“Unlike ice cream, store-bought sherbet is usually third-rate. If you want a really good fruit sherbet, do you have to make it yourself? YES! If using a canister-style ice cream machine, freeze the canister for at least 12 hours, or preferably, overnight. If the canister is not thoroughly frozen, the sherbet will not freeze beyond a slushy consistency. In-season fresh raspberries have the best flavor, but when they are not in season, frozen raspberries are a better option. Substitute a 12-ounce bag of frozen raspberries for fresh. Vodka can be substituted for the Triple Sec, but I prefer the citrus flavor of the Triple Sec. Prep time includes juice chilling time. Adapted from Cook's Illustrated (America's Test Kitchen)”
READY IN:
3hrs 50mins
YIELD:
1 quart
UNITS:
US

Ingredients Nutrition

Directions

  1. In a medium nonreactive saucepan, cook the fresh raspberries, water, sugar, and salt over medium heat, stirring occasionally, until the mixture just begins to simmer, about 7 minutes.
  2. Pass the mixture through a fine-mesh strainer into a medium bowl, pressing on the solids to extract as much liquid as possible.
  3. Add the lemon juice and Triple Sec or vodka; cover with plastic wrap and chill in the freezer until very cold, about 40º, about 30-40 minutes. Do not let mixture freeze.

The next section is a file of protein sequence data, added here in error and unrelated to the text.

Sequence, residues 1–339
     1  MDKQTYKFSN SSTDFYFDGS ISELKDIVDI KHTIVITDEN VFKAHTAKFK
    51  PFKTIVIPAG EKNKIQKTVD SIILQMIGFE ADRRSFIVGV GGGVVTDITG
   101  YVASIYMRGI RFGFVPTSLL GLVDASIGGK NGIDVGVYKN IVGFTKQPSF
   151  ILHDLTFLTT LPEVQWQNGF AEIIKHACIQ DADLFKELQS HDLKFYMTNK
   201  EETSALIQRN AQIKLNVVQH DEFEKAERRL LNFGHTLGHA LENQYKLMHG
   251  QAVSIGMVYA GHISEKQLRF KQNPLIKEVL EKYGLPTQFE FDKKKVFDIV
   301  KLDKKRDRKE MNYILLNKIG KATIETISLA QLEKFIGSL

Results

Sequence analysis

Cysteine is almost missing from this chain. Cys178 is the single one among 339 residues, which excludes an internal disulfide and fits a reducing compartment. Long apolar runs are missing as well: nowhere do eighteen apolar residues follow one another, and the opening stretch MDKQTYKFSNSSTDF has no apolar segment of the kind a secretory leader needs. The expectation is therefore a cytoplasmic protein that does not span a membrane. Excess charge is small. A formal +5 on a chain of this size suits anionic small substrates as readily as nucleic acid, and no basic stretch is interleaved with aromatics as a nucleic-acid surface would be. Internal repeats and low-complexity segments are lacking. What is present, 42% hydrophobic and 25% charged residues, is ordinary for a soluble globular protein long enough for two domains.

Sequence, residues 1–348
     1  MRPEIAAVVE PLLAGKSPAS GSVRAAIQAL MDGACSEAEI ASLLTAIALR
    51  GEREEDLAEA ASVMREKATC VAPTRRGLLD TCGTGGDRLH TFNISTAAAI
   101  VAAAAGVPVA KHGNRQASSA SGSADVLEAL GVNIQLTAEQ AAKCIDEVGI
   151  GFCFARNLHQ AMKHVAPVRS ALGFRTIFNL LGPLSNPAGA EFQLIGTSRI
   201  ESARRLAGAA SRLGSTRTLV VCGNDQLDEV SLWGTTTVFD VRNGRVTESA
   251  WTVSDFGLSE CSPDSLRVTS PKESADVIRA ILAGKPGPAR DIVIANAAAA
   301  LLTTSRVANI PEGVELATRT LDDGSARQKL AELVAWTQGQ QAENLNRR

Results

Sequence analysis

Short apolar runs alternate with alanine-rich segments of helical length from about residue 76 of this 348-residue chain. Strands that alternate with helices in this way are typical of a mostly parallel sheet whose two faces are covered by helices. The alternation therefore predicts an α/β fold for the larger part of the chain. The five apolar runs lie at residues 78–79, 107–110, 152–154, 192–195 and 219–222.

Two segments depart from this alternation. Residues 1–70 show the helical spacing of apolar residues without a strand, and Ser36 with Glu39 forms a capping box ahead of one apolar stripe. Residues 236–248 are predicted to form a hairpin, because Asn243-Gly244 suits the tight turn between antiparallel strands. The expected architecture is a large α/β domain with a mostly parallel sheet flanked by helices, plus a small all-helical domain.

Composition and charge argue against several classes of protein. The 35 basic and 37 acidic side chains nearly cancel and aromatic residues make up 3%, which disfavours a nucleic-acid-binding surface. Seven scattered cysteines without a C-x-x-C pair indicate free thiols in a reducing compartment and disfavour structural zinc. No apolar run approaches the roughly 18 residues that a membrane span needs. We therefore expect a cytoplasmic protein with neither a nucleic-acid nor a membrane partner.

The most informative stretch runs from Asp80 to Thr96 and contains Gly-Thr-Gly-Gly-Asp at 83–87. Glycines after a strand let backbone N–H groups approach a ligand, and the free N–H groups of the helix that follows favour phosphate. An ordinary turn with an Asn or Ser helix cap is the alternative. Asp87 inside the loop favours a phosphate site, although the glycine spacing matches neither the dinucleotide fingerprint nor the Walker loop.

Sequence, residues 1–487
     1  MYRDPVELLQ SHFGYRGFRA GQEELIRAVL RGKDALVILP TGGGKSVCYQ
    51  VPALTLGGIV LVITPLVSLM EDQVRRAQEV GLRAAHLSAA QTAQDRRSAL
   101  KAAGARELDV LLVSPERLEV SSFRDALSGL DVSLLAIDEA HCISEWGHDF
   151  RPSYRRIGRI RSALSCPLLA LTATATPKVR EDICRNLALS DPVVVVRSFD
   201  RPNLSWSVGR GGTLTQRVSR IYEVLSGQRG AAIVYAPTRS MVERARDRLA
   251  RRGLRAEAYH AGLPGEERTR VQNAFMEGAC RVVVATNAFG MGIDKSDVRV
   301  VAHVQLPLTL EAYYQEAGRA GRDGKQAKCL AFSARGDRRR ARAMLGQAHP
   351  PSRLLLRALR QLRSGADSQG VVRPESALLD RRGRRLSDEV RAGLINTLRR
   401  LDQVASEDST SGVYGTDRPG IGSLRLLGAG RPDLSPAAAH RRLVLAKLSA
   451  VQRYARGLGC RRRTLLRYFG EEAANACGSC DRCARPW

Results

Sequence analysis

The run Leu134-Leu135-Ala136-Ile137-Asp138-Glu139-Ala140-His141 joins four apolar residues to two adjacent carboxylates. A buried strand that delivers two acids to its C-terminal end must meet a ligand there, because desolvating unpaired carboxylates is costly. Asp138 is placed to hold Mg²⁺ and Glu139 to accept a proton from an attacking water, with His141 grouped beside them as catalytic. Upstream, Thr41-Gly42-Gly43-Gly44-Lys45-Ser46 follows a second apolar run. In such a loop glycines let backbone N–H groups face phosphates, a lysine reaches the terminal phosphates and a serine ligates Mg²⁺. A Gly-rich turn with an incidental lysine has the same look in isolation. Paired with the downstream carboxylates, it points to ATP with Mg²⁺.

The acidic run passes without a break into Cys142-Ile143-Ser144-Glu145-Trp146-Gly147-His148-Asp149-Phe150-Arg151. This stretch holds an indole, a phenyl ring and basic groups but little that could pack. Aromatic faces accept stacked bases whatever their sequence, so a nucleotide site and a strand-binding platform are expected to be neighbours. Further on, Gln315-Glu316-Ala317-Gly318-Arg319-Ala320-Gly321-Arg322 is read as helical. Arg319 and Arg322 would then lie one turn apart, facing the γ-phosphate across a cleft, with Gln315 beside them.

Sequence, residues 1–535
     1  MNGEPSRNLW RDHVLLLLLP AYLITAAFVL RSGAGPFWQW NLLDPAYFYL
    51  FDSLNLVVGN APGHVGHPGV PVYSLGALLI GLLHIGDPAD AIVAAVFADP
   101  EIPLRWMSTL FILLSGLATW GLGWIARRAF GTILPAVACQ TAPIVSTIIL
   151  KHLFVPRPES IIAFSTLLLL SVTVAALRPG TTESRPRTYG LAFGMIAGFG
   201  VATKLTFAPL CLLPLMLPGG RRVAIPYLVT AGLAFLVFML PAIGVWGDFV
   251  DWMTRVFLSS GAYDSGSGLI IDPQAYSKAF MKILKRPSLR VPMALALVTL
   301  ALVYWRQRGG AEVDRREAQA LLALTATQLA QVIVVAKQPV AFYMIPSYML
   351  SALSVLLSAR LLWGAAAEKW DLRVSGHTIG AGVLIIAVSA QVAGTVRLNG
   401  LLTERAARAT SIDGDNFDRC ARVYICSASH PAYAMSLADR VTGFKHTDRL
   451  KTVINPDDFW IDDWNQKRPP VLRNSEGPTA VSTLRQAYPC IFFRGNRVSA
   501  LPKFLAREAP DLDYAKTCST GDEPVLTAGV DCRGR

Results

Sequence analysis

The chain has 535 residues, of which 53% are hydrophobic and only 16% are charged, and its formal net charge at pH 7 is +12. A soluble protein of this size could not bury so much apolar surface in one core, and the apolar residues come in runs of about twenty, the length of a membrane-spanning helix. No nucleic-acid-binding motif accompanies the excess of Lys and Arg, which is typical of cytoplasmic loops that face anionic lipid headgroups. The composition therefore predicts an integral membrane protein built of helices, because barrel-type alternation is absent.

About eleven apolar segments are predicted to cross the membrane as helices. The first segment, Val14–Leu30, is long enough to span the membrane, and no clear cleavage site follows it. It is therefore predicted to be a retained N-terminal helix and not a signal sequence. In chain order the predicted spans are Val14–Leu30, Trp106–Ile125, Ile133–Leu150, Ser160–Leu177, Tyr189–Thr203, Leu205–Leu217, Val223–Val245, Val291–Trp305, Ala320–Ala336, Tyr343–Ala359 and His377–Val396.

4. When the mixture is cold, using a whisk, whip the cream in a chilled medium bowl until soft peaks form. Whisking constantly, add the chilled juice mixture in a steady stream pouring against the edge of the bowl.
  5. Immediately start the ice cream machine and add the juice/cream mixture to the frozen canister; churn until the sherbet has the texture of soft-serve ice cream, 25-30 minutes.
  6. Remove the canister from the machine and transfer the sherbet to a storage container; press plastic wrap directly against the surface of the sherbet (to prevent ice crystals from forming) and freeze until firm, at least 3 hours. The sherbet can be wrapped well in plastic wrap and frozen for up to one week.
  7. To serve, let the sherbet stand at room temperature until slightly softened and an instant-read thermometer inserted into the sherbet registers 12º to 15º.

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